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Thread: Water shortage in southwestern U.S.

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  1. #1

    Default Water shortage in southwestern U.S.

    There is a water shortage in the southwestern United States. Lake Mead, the largest reservoir in the U.S. is expected to reach a record low water level today. Power production from hydroelectric is down 25% and may have to be shut off completely at some point (latest estimates say August) at Lake Mead. California is trucking small salmon from hatcheries to the ocean because the water is too warm in the streams and rivers for them to survive. Lake Oroville is having houseboats removed from the water and stored on land in a parking lot (at the owner's expense) to prevent damage from the boats bottoming out in the lake. There is a dam removal project along the Klamath River planned (the largest in U.S. history) to protect the salmon at the expense of a major water supply for California and Oregon as well as power from hydroelectric. I've already heard of some areas having a three strikes policy for water wasting where they will shut your water off for the year. By all appearances, we are looking at the possibility of a major water shortage, a food shortage (plants and animals need water too), a horrible wildfire season, and rolling blackouts (little to no hydroelectric power). Might be time to pray for rain.

    Does anyone have plans for riding these problems out, other than moving? Seems we need to have a decent supply of water on hand and preferably a well also. We need a bugout vehicle stocked with water, food, and supplies in case of a fire evacuation. Have plenty of lights and batteries to ride out rolling blackouts. This is the type of event that could cause a mass migration of desperate people if the water and electricity stop flowing. Worst case scenario, you might have to have security shifts on your property to watch out for people trying to take what you have, or bug out and abandon your home.

    We can discuss our plans for this situation, current conditions in our area now, news updates, and what is being done about it. I know scary things happen when the SHTF, but please no discussions about hurting trespassers, looting to survive, or anything your pastor wouldn't want to hear coming out of your mouth. Let's keep this in the realm of likely possibilities, not freak out over nightmarish worst case scenarios.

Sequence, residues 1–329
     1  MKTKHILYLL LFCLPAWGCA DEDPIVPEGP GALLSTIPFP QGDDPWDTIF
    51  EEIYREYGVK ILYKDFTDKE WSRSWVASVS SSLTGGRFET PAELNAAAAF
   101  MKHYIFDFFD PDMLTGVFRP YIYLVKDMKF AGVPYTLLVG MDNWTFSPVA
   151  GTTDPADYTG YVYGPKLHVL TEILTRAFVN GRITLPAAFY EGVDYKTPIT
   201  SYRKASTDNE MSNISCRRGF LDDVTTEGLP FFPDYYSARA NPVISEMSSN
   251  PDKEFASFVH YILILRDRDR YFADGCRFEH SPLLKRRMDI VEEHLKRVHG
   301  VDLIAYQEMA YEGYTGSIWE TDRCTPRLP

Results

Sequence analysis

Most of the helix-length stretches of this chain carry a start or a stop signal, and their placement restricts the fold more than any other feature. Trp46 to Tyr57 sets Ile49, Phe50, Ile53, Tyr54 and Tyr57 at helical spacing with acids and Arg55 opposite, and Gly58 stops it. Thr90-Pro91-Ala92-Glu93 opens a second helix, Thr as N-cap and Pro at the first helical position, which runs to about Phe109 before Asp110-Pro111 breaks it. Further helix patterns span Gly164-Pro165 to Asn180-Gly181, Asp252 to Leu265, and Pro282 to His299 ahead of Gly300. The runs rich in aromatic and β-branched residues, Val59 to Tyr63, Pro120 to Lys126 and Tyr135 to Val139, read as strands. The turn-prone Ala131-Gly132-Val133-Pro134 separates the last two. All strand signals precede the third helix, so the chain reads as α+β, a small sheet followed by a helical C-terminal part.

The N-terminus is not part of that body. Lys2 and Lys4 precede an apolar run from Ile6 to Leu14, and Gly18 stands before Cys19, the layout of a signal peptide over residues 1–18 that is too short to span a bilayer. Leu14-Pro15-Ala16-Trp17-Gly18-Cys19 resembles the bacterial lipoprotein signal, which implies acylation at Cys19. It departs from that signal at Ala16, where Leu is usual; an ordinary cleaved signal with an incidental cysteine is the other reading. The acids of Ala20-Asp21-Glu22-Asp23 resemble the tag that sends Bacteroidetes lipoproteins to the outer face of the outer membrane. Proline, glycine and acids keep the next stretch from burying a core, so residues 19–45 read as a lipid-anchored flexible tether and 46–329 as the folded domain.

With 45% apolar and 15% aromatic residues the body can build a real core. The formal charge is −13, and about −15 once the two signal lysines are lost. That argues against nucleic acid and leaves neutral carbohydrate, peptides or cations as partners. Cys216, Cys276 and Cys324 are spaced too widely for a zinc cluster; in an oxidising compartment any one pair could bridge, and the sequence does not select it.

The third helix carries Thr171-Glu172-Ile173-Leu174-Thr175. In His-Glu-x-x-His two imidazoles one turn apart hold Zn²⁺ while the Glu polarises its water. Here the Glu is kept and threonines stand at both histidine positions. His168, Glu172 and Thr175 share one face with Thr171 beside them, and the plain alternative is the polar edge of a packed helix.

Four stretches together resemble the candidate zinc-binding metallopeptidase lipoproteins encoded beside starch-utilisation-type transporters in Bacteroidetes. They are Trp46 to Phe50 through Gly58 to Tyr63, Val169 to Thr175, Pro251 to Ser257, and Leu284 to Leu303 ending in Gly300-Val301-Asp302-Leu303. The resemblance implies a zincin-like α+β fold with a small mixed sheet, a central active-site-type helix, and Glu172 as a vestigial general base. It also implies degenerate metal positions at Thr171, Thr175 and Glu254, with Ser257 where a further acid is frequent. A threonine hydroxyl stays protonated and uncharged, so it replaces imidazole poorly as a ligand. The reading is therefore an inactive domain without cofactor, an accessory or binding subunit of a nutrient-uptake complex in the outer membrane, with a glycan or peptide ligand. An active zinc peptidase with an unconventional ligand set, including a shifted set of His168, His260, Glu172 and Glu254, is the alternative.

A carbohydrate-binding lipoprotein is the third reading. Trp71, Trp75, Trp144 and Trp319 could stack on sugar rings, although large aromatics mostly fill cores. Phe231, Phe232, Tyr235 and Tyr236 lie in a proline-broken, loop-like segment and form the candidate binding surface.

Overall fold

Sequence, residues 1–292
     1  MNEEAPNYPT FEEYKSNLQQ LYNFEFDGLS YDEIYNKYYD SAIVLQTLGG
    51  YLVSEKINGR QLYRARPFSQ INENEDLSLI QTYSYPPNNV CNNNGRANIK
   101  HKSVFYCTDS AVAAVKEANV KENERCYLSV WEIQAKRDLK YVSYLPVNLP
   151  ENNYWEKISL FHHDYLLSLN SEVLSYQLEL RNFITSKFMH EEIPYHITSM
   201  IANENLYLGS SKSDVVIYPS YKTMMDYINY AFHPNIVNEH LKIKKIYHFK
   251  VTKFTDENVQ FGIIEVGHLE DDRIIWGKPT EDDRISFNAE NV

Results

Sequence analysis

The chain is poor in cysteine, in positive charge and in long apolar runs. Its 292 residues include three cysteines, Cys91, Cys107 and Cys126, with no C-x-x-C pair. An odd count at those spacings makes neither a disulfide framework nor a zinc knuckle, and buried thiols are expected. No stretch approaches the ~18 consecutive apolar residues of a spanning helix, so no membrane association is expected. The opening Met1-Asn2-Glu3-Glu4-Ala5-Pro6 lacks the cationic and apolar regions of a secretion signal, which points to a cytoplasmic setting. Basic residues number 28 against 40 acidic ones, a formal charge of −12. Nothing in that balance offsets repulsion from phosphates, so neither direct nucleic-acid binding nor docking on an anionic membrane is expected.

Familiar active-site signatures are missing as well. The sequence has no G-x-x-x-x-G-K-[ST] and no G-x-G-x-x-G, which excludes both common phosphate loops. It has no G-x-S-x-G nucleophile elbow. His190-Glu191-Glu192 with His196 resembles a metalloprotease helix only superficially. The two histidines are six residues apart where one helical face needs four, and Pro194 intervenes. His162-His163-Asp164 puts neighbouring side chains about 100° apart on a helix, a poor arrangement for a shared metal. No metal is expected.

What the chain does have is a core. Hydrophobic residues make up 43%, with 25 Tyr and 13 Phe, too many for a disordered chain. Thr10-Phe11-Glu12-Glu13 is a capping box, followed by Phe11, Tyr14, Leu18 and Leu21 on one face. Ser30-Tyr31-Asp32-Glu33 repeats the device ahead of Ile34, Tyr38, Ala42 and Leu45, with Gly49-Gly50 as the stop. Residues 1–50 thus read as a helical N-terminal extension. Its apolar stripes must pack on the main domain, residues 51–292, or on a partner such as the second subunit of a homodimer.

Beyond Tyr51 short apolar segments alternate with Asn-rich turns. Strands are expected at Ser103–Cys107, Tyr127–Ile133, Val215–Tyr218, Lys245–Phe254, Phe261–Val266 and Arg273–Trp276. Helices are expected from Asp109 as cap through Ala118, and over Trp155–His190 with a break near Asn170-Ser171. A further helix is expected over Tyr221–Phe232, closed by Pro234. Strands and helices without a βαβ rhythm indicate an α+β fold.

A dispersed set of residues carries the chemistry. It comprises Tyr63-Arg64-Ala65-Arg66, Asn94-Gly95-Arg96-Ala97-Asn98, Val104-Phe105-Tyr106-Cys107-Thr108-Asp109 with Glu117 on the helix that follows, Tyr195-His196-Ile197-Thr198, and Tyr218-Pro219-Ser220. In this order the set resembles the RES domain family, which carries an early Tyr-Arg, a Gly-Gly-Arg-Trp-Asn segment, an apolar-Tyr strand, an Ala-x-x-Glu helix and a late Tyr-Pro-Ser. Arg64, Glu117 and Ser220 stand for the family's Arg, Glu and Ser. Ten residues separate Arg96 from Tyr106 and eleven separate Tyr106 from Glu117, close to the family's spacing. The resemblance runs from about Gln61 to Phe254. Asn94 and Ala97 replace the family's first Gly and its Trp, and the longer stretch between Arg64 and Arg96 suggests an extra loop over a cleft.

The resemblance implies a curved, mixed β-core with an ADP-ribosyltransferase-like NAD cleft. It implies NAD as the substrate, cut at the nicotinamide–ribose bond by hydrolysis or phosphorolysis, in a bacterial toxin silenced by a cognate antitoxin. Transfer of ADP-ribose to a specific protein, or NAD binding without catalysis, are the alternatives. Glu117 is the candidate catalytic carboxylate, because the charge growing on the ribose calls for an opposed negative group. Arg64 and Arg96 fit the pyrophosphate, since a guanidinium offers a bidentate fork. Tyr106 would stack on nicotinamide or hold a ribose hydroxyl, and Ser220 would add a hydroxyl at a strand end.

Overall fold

2. #2

    Default Re: Water shortage in southwestern U.S.

    I live on a man made lake in gergia usa . i saw it at a record low then a record high it was crwzy to see.
    LED's have gotten too bright in our stuff. Many nights I'm awakened by my modem lights blinking.had help with my sig thank you for your help.

  3. #3

    Default Re: Water shortage in southwestern U.S.

    But the lawns look FABULOUS!!
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  4. #4

    Default Re: Water shortage in southwestern U.S.

    Quote Originally Posted by bykfixer View Post
    But the lawns look FABULOUS!!
    I had to laugh with this one.
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  5. #5
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    Default Re: Water shortage in southwestern U.S.

    This sounds really bad. Ultimately, if average rainfall doesn't start to increase, you may be looking at needing desalinization plants. As for planning, for starters people should stop watering their lawns, washing their cars, basically no longer use water for anything but drinking and personal hygiene.

    Wells aren't a long-term solution, either. In a few generations, perhaps even a few years, the wells will run dry when the water table is depleted. The US southwest may eventually face a mass migration of people elsewhere. I've said for a long time that California's problems stem mostly from too many people moving there over too short a time span. Ditto for a lot of the rest of the US south. It's not a great idea to settle in a place where you have to import water and you need A/C 6 to 9 months of the year.

  6. #6
    *Flashaholic* Lynx_Arc's Avatar
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    Default Re: Water shortage in southwestern U.S.